Change font size of an element depending on browser (HTML, CSS)
I'm trying to make a simple website (I'm not good with HTML/CSS at all).
I have a certain element that looks good in Firefox but huge in Chrome. So I would like to set the font-size to 2.3em in Firefox and 1.6em in Chrome.
I know there are browser prefixes that work for animations etc., so I'm trying something like this:
However, that makes the font size look good in Chrome and tiny in Firefox. Is there any way to select the font size automatically, depending on which browser is used? Thanks in advance
There are 3 units you can choose for font-size :
1)px - tells the browser how many pixels the letter should be. I would highly recommend you to use this
2)% - tells the browser how big the font size should be w.r.t parent element
3)em - it scaled the font size by x of the parent font size. In short the value will get multiplied by parent size.
Now every browser has it's default font size.
For Firefox it's 16. (Menu -> Options -> Language and Appearance)
For chrome it's medium.(Settings -> Appearance)
Now if you put font-size as 6em,
Then in Firefox it will be like 16*6
And in chrome the 6 will get multiplied by Chrome's default size.
Using px will display the font having same size in both chrome and firefox
To control appearance across browsers, I would use a reset so you don't have to worry (as much) about the user agent stylesheet. Meyer reset is an old one but good one until you're ready to make your own.
From experience, I personally think you should set the font size for the document in px and use em for the fonts in elements / components so that it is all relative and responsive. When devs fix the font size to px, they are basically saying, "I want users to see exactly this," which can be problematic for people who rely on being able to adjust the font sizes at the browser level to read content, etc.
While I'm not a huge fan of the 62.5% rule, it's important for historical reasons and just so you're aware of the font sizing philosophies out there so you can choose your own.
Bohdan Thank you! I changed it to
because this website says that the non-prefixed version should be last: http://css-snippets.com/browser-prefix/
But now both browsers seem to choose 40px and it actually makes no difference which values I use for -moz-font-size and -webkit-font-size...
Rishi Anand Thank you, I didn't know about the different default sizes.
Now my problem is that I used em everywhere in the website and when I start to use absolute sizes in px for one element now, the element will still be too large/small in relation to the other elements (I hope that makes sense), so I'm trying to make it a little smaller in Chrome than in Firefox. But changing the size in px dependent on the browser with -moz-font-size doesn't seem to work 😩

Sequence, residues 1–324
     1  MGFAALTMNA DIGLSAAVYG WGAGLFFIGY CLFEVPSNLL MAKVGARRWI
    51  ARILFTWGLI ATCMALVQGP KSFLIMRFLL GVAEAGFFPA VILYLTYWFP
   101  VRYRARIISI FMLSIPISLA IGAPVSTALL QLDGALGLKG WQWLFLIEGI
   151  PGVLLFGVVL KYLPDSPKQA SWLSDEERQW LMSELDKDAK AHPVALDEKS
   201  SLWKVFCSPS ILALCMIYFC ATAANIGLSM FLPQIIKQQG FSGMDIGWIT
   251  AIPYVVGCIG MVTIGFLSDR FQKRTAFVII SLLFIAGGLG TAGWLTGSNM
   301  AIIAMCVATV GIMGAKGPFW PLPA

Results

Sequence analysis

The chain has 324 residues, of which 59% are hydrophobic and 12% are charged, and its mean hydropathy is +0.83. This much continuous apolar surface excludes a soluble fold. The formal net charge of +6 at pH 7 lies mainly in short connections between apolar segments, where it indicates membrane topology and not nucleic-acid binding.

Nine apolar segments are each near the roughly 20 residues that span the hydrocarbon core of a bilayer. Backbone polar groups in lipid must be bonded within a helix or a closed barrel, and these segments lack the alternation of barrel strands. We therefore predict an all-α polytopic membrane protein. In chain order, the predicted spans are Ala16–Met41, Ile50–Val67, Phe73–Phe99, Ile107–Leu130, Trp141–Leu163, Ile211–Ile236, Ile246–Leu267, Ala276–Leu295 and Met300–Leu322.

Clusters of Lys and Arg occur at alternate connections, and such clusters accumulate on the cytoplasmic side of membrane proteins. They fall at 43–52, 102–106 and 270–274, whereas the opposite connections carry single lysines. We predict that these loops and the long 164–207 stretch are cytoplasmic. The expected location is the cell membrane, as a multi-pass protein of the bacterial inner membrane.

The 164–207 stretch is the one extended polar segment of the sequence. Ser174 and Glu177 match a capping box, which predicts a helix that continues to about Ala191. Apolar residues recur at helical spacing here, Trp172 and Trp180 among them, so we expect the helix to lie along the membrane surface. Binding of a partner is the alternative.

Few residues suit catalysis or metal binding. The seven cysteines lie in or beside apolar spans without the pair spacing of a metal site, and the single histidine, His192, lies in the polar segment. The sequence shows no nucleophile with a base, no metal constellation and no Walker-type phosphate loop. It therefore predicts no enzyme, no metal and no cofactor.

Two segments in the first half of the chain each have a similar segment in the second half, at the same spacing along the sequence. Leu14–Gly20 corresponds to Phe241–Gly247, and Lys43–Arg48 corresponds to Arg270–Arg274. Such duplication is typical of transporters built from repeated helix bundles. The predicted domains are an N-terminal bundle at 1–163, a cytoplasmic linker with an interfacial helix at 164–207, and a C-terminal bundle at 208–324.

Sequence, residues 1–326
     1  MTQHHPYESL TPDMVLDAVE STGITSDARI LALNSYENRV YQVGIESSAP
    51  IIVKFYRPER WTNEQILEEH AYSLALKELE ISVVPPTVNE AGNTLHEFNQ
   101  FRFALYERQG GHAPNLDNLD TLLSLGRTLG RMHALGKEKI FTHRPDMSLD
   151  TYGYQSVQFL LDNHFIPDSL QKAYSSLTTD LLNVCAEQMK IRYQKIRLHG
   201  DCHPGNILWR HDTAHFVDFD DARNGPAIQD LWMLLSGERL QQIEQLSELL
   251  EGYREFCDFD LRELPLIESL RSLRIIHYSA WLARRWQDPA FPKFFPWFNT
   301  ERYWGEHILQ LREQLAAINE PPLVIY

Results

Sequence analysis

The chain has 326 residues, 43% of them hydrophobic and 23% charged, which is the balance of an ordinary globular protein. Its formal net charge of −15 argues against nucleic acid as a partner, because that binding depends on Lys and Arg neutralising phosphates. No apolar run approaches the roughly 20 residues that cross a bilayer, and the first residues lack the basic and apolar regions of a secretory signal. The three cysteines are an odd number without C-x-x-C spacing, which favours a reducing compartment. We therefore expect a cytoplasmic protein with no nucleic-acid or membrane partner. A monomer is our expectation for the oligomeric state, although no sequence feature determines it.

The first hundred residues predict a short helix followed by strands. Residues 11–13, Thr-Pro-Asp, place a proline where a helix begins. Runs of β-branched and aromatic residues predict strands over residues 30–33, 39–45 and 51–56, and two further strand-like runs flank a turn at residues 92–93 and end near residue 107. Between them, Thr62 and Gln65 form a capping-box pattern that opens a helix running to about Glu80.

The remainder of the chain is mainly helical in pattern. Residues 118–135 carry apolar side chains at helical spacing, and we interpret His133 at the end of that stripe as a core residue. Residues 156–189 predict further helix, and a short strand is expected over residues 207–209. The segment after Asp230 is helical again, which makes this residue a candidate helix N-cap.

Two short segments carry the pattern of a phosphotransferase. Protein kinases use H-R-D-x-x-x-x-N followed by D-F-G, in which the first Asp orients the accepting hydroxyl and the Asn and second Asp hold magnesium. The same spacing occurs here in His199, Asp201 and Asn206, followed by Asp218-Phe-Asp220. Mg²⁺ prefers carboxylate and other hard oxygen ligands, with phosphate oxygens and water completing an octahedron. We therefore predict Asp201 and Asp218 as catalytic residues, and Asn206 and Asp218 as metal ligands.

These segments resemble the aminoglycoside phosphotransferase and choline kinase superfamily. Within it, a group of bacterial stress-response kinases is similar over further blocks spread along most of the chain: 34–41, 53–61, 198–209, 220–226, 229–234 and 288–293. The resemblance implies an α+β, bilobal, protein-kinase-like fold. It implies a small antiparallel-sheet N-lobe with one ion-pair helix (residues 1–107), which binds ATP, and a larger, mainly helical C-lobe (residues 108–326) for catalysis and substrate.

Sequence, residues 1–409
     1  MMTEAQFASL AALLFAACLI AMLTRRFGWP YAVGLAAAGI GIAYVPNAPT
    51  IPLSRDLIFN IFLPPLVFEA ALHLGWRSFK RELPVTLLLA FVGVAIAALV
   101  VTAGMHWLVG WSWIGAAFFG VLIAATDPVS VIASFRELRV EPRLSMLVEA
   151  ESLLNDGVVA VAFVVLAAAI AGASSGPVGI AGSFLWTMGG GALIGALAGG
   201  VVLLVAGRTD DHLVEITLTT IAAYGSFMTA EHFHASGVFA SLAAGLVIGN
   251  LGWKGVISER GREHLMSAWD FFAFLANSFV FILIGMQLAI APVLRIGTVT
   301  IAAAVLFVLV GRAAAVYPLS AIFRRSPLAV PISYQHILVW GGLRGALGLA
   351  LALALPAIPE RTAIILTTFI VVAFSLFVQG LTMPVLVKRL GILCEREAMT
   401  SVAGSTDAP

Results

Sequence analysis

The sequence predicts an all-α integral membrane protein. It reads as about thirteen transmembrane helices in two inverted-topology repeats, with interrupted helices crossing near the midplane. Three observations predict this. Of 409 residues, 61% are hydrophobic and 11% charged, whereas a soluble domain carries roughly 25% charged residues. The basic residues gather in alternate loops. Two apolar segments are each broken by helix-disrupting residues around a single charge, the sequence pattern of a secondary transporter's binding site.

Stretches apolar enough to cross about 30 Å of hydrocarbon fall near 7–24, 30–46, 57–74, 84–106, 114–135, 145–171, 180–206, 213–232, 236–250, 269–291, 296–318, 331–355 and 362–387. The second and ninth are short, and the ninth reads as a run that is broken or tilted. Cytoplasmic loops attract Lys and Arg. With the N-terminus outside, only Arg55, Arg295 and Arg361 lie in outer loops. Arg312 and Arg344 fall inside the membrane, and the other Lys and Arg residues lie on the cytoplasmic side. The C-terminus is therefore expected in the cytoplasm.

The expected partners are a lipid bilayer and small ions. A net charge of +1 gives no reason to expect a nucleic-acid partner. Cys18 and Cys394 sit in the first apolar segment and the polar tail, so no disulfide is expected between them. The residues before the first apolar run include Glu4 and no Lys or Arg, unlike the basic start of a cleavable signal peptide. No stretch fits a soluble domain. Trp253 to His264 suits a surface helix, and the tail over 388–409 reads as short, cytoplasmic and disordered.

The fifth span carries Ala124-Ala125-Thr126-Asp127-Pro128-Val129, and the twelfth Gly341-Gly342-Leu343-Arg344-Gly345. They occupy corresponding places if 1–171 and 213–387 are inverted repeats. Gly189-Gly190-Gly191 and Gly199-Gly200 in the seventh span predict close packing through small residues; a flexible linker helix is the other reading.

But maybe it's best to change the whole site from em to px
Try to include whatever the webpages you produce with normalise.css.
Normalize.css reset browsers default setting and makes crossed browsers render all elements more consistently.
To include normalize, you just need to add
<link rel="stylesheet" href="https://cdnjs.cloudflare.com/ajax/libs/normalize/8.0.1/normalize.min.css" />
inside your head tag
DO NOT define different font size for different browsers, use a single font size that defined on body tag. And for the rest of the elements, ONLY USE em to adjust the their font size and dimension width or height of the elements.
This is how professional web developers make consistency of their web pages in all browsers.
A note on em:
Please do not confuse em with ex or rem units. Em represents the full font height (relative to parent), ex represents the x height.
I prefer to use ex when dealing with distances of decorative elements from text, e.g. bullets in ul or numbers/letters in ol, depending on the look of the font. Ch units are generally more appropriate for the examples listed though, since it is width-based (again, depending on the look of the font).
Rem is em except it is relative to the root element instead of the parent, which negates (overrides?) cascading benefits.
Hello~ it's me again~
I come back with all the above three parts put into code playground
Conclusion: only the third way works (seems, didn't check in a Firefox). Sorry again for the wrong answer of method 1 and 2.
Anna me neither have core knowledge in webpage cascading but this question helped me to research on font sizes and found this article.
How To Avoid Browser Font Incompatibility?
Knowing which browsers support a font family is one thing and making them support is another. So to make sure that your font family is rendered properly in every browser even if the user doesn’t have the font family installed on his local computer is to use @font-face in CSS style.
Addition of @font-face allows a webpage to download the font from the hosted location and display it in the CSS as specified.
Add the code to use stylesheet before any styles:
1em is equal to the currentfont-size of the element in question. If you haven't set font size anywhere on the page, then it would be the browser default, which is probably 16px. So by default 1em = 16px. If you were to go and set a font-size of 20px on your body, then 1em = 20px.
Hope it helps. Thank you